There aren't many guys who get to claim icon status in two different fields, but René Lacoste is one of them. The ferocious French tennis player dominated the game in the '20s and early '30s-winning seven Grand Slam titles and the nickname "the Crocodile"-but he was also the inventor of his now-universally recognized Lacoste polo way back in 1933. (And if you didn't know why your shirt has a croc on chest, now you know.)
Today, the French brand announced a new player taking up the legacy that René began nearly a century ago. Novak Djokovic-a 12-time Grand Slam winner and inarguably one of the greatest tennis players in the world-is joining on as Lacoste's style ambassador. He's been dubbed the "New Crocodile" as an homage to René Lacoste, and he's getting his own line of on-the-court performance gear and a starring role in a new campaign that launches today.
It's one in a series of major shifts for Djokovic, who recently parted ways with longtime coach Boris Becker and announced just yesterday that he's picked Andre Agassi to be his coach at the French Open. And then there's his decision to move on from a five-year partnership with Uniqlo. "It was an interesting, and very successful, relationship that I had in partnership with them," he explained today at a press conference in Monaco, which he calls home. "But of course, as a tennis player, you kind of relate yourself more to the brand that comes from your own field of life."
The closely guarded switch happened fast. "Yesterday I finished the match in Uniqlo, so today is the first Lacoste outfit that I'm wearing," he laughed. Of course, when he says it's the first time he's wearing Lacoste, he's only speaking in the professional sense. Djokovic has a longstanding personal relationship with the brand.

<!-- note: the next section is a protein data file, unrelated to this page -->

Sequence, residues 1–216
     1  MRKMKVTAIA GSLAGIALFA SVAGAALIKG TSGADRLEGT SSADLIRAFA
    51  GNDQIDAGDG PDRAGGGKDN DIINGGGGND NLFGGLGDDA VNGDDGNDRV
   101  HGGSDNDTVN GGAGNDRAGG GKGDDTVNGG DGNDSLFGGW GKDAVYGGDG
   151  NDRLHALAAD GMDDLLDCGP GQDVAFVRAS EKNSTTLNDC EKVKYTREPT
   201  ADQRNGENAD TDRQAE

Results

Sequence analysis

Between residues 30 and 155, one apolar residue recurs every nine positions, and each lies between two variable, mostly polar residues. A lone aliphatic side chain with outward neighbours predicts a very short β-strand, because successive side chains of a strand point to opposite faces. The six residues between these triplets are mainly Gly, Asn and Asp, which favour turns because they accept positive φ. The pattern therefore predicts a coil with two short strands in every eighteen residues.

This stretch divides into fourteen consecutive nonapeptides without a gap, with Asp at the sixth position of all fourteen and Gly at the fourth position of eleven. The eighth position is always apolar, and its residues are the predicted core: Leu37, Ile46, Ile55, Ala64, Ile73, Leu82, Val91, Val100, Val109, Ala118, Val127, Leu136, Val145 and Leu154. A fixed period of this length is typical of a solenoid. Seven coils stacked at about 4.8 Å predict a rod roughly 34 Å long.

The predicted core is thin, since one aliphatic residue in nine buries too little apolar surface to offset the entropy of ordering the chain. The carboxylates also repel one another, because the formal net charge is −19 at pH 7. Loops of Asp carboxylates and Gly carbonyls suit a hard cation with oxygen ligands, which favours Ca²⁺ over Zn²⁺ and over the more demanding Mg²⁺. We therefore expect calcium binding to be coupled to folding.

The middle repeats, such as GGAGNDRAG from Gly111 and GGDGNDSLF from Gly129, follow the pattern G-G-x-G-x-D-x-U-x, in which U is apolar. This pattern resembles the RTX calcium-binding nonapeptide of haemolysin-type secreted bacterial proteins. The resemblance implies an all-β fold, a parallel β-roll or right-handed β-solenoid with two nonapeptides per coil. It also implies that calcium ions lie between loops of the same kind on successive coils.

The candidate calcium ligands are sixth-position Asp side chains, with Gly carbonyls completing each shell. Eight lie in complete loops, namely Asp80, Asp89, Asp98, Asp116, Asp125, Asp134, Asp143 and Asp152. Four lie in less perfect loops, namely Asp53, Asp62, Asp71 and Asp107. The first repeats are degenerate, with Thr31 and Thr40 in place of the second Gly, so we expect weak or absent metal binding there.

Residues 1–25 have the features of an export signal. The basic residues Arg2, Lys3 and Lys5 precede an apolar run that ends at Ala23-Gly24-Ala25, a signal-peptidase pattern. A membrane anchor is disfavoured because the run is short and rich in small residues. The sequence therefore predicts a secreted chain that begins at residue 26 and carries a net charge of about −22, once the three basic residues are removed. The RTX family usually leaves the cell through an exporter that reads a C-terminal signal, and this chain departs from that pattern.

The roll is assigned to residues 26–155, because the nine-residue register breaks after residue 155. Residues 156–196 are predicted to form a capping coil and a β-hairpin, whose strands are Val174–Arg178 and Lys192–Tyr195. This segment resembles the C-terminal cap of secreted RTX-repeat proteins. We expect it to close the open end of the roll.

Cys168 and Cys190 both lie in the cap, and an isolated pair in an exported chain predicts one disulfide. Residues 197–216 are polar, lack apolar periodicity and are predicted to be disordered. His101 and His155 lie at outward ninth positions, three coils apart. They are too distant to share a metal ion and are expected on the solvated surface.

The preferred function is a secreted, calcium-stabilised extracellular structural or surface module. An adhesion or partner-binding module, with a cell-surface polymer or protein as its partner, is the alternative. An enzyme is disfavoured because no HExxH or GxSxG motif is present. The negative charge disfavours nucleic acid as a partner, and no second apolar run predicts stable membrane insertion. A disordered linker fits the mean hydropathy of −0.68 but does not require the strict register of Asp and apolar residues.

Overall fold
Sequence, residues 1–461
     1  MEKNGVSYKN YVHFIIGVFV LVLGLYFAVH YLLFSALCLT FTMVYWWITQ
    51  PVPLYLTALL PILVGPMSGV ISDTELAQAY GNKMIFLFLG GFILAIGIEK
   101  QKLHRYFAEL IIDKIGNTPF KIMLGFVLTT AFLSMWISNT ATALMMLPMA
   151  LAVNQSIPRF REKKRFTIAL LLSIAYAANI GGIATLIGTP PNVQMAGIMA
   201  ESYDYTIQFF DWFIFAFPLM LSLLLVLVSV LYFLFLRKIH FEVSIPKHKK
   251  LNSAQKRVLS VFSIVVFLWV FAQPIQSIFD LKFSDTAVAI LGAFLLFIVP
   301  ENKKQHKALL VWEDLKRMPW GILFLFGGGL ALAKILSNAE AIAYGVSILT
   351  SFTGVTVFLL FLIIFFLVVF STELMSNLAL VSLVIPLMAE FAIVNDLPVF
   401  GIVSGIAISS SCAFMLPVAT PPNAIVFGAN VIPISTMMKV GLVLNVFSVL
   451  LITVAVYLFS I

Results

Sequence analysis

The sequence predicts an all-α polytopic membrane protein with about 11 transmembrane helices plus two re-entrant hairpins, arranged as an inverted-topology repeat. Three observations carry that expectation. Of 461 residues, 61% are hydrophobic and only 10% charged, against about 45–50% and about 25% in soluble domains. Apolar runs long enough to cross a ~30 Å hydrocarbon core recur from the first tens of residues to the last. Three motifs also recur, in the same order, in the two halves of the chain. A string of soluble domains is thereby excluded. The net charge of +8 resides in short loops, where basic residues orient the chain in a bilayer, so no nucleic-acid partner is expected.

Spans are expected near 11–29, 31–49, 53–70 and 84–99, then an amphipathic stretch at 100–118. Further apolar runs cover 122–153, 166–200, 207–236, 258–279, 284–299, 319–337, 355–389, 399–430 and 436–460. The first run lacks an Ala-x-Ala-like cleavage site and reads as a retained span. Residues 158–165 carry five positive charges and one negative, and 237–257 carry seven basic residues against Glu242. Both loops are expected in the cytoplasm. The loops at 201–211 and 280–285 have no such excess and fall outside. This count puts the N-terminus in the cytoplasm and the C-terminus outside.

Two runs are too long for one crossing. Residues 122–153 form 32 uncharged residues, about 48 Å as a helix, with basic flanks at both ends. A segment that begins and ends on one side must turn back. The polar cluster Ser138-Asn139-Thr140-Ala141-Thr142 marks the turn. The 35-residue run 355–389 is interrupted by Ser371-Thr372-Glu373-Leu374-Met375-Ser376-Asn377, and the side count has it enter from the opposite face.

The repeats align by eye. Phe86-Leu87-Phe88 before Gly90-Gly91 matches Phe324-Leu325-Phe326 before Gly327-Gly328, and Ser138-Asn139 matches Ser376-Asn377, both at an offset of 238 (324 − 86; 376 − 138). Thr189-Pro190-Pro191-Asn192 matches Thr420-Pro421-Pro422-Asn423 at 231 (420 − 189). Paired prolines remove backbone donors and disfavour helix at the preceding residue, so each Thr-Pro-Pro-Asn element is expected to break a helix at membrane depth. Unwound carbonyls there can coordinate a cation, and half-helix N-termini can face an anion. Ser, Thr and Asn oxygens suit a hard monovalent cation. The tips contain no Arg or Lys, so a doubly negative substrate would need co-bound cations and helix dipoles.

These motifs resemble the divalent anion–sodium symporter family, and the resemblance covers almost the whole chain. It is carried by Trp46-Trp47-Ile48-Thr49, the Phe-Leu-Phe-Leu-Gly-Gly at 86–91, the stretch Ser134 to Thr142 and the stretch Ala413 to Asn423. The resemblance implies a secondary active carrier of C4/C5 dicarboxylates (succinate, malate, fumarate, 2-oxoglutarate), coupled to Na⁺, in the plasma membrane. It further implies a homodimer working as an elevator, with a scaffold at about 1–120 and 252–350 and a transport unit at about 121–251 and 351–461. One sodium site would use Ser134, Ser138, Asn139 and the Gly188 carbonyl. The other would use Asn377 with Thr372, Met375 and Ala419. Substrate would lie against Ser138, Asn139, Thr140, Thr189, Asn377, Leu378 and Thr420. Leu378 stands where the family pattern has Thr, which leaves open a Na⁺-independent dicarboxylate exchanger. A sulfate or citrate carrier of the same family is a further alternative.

"I know my father and mother have been wearing Lacoste for their entire lives," he said. "I remember opening a closet of my father's and seeing different colors of Lacoste. So I was wearing that when I was younger, before I started having more commitments in terms of sponsorships. I'm glad to revisit my father's closet and to update it and upgrade it a little bit more."
Central to that update is the line of performance wear developed for Djokovic by the Lacoste team, which will make its debut at the French Open. "I care about what I wear on the court. I think it's important," he said. "It's not just the way you feel in the clothes, but the way you look, the way you carry that on the court, the way you're related to the brand. You can just sense that different feel, that different energy and aura around the player when that player is completely aligned with the values of that brand. I feel very close to Lacoste at the moment, and I'm sure I'll feel great in whatever I wear."
He's careful to note, though, that it's not just about sportswear. He is, after all, the face of Lacoste's casual gear as well. "It's not only a sports brand-it extends to fashion," he said. "And it has this very unique, special, and recognizable look, design, and feel. I think it stands alone, in a way, in that kind of spirit it has created."
It's a spirit that started with René Lacoste, and one that Djokovic hopes to carry on. Lacoste famously said, "Without style, playing and winning are not enough." Djokovic agrees, but he's quick to note that it's about more than just clothes. "I think he was not referring only to style in terms of clothing," he explained. "He was referring to that, of course, but also style and character and respectful behavior on the court. And that's something that I agree with and relate to."
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